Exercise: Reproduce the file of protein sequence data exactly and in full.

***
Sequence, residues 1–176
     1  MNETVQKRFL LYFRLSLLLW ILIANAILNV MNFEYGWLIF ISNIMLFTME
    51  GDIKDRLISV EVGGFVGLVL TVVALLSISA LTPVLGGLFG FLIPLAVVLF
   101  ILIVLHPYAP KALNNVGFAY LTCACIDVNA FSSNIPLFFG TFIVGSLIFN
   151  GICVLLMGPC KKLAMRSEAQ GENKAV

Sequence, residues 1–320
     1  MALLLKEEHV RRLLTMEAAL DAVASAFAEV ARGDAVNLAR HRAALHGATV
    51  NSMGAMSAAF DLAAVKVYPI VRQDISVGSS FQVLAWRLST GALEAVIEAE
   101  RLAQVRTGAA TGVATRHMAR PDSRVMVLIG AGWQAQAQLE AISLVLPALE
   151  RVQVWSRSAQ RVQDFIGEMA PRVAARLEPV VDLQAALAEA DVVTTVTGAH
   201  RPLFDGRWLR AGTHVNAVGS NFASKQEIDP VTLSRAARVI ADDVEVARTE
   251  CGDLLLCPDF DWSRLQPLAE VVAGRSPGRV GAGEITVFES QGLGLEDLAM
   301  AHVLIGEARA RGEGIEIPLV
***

Sequence, residues 1–176
     1  MNETVQKRFL LYFRLSLLLW ILIANAILNV MNFEYGWLIF ISNIMLFTME
    51  GDIKDRLISV EVGGFVGLVL TVVALLSISA LTPVLGGLFG FLIPLAVVLF
   101  ILIVLHPYAP KALNNVGFAY LTCACIDVNA FSSNIPLFFG TFIVGSLIFN
   151  GICVLLMGPC KKLAMRSEAQ GENKAV

Sequence, residues 1–320
     1  MALLLKEEHV RRLLTMEAAL DAVASAFAEV ARGDAVNLAR HRAALHGATV
    51  NSMGAMSAAF DLAAVKVYPI VRQDISVGSS FQVLAWRLST GALEAVIEAE
   101  RLAQVRTGAA TGVATRHMAR PDSRVMVLIG AGWQAQAQLE AISLVLPALE
   151  RVQVWSRSAQ RVQDFIGEMA PRVAARLEPV VDLQAALAEA DVVTTVTGAH
   201  RPLFDGRWLR AGTHVNAVGS NFASKQEIDP VTLSRAARVI ADDVEVARTE
   251  CGDLLLCPDF DWSRLQPLAE VVAGRSPGRV GAGEITVFES QGLGLEDLAM
   301  AHVLIGEARA RGEGIEIPLV